January 13, 2022

Strengthening public institutions is key to driving social engineering — Falola

Toyin Falola

Strengthening public institutions remains a key ingredient if Nigeria is to drive its social engineering for growth.

This was the position of Toyin Falola while speaking at the first Fountain University, Osogbo, International Colloquium in honour of Professor Falola held at the NASFAT ETI-OSA Lecture Theatre, Fountain University, Osogbo, on Thursday, January 13, 2022.

The international colloquium was part of events marking the institution’s tenth and eleventh convocation ceremonies, which will culminate in the conferment of a honorary doctoral degree on Professor Falola.

Professor Toyin Falola is a celebrated author, editor, writer, poet, academic leader, organizer, teacher, Pan-Africanist, and a visionary of extraordinary grace, talent and accomplishments.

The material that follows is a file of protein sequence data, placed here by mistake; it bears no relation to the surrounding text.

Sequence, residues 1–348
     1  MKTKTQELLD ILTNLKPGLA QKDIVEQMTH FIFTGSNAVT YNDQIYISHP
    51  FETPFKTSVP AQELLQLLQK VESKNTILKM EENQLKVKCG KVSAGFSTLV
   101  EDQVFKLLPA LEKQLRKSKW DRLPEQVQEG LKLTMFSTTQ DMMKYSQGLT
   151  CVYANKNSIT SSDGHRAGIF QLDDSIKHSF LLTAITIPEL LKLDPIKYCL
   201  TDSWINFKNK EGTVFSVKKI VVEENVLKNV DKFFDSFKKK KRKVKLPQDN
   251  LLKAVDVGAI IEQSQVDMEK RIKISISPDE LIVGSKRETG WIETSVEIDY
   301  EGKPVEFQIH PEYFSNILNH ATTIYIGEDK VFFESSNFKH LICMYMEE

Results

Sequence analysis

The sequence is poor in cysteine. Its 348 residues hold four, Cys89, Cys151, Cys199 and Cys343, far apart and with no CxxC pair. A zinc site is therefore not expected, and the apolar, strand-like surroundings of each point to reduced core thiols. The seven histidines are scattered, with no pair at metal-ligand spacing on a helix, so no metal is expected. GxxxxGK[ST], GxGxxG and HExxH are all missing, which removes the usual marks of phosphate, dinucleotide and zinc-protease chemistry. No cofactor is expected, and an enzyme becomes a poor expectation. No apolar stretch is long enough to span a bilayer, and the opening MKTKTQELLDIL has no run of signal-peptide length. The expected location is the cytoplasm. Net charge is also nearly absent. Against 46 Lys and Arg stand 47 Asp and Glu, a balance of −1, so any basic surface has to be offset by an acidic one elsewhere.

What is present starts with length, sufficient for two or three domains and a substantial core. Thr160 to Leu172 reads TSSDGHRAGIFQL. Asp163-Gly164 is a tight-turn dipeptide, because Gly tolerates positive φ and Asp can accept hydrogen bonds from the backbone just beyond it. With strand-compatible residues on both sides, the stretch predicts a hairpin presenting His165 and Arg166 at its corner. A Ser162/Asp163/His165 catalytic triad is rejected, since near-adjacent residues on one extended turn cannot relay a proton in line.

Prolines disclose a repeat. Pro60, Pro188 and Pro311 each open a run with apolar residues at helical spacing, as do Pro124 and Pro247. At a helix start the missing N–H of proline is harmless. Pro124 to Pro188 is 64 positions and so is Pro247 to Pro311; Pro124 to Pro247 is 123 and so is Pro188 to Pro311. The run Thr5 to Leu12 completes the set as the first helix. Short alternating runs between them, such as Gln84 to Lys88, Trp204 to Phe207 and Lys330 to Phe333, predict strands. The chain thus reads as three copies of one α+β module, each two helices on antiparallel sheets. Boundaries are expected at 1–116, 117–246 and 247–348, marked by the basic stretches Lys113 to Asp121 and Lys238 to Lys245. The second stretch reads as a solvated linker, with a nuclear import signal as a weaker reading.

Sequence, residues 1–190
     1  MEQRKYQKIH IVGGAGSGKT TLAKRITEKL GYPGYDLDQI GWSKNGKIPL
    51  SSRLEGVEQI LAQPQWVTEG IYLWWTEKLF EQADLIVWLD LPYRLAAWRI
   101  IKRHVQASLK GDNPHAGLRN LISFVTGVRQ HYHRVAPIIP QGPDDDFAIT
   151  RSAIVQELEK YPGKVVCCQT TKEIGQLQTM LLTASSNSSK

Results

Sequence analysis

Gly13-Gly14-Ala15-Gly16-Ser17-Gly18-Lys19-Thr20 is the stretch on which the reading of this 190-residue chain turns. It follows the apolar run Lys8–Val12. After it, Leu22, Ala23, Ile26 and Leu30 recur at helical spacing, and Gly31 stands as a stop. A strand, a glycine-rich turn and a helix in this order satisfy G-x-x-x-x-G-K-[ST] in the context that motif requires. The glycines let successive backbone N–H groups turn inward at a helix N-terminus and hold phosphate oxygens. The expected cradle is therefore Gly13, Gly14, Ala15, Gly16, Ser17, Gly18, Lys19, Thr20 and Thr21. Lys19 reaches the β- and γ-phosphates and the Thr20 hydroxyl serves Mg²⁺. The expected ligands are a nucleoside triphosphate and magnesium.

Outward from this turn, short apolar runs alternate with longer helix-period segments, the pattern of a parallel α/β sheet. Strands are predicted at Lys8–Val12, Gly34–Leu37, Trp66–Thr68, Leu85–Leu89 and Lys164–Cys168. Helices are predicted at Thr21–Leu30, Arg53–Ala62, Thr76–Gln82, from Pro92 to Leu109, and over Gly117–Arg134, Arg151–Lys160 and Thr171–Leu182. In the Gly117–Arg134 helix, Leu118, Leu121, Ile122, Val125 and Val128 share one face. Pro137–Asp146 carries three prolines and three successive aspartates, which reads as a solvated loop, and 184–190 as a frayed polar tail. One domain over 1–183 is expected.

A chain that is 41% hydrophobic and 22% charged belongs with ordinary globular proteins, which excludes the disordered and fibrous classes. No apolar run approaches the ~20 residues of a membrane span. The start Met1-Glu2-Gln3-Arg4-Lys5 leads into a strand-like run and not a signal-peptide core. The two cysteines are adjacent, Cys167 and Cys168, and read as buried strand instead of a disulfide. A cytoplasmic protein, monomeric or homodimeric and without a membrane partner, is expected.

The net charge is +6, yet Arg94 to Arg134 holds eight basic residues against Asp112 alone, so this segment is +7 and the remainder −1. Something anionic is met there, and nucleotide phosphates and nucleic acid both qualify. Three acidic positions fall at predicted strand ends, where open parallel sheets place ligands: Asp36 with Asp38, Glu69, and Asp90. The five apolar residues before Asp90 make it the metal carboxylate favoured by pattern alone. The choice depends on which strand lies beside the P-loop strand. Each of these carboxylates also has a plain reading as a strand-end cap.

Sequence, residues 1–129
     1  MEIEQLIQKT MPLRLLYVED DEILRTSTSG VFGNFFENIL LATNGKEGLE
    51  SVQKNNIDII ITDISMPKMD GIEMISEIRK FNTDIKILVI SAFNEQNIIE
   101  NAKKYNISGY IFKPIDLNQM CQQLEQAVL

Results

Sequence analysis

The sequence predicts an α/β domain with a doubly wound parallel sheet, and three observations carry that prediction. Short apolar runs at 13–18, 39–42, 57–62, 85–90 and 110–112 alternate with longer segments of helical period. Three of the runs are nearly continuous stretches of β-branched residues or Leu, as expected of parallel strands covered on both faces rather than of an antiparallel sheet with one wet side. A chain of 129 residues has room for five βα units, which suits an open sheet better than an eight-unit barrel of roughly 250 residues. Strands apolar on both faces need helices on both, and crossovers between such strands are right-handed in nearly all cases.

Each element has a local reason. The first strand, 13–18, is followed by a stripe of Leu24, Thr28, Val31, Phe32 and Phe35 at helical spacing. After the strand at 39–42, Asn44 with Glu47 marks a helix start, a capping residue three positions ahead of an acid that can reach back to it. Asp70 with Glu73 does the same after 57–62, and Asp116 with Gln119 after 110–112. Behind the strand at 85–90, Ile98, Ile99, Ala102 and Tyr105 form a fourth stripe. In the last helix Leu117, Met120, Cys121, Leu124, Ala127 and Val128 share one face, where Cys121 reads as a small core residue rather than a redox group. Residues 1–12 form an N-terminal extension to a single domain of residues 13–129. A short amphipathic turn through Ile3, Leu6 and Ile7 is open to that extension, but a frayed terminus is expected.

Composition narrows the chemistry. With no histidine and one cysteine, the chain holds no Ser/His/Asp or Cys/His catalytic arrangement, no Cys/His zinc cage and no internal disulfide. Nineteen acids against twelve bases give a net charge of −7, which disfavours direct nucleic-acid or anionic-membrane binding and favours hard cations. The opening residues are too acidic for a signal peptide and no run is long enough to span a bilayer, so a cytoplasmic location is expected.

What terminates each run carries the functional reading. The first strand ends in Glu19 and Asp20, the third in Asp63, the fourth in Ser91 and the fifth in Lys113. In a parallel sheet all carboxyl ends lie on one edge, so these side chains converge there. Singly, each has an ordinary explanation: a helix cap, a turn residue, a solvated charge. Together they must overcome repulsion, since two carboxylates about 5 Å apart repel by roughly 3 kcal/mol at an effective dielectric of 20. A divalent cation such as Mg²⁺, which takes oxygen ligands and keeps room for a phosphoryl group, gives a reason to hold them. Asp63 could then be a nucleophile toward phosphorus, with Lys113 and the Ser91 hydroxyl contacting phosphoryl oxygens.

An author and editor of over one hundred and fifty books on Africa and the African Diaspora, he has been invited to speak in all continents, and in over sixty countries, and widely proclaimed as Africa’s preeminent historian and one of the major intellectuals in contemporary times.

Many of his books have received awards, defined various fields, and inspired the writings of various critical works.

He manages five distinguished scholarly monograph series, and serves on the board of over twenty journals.

Being a global icon in African Studies, Toyin Falola has received several honorary doctorates across the globe.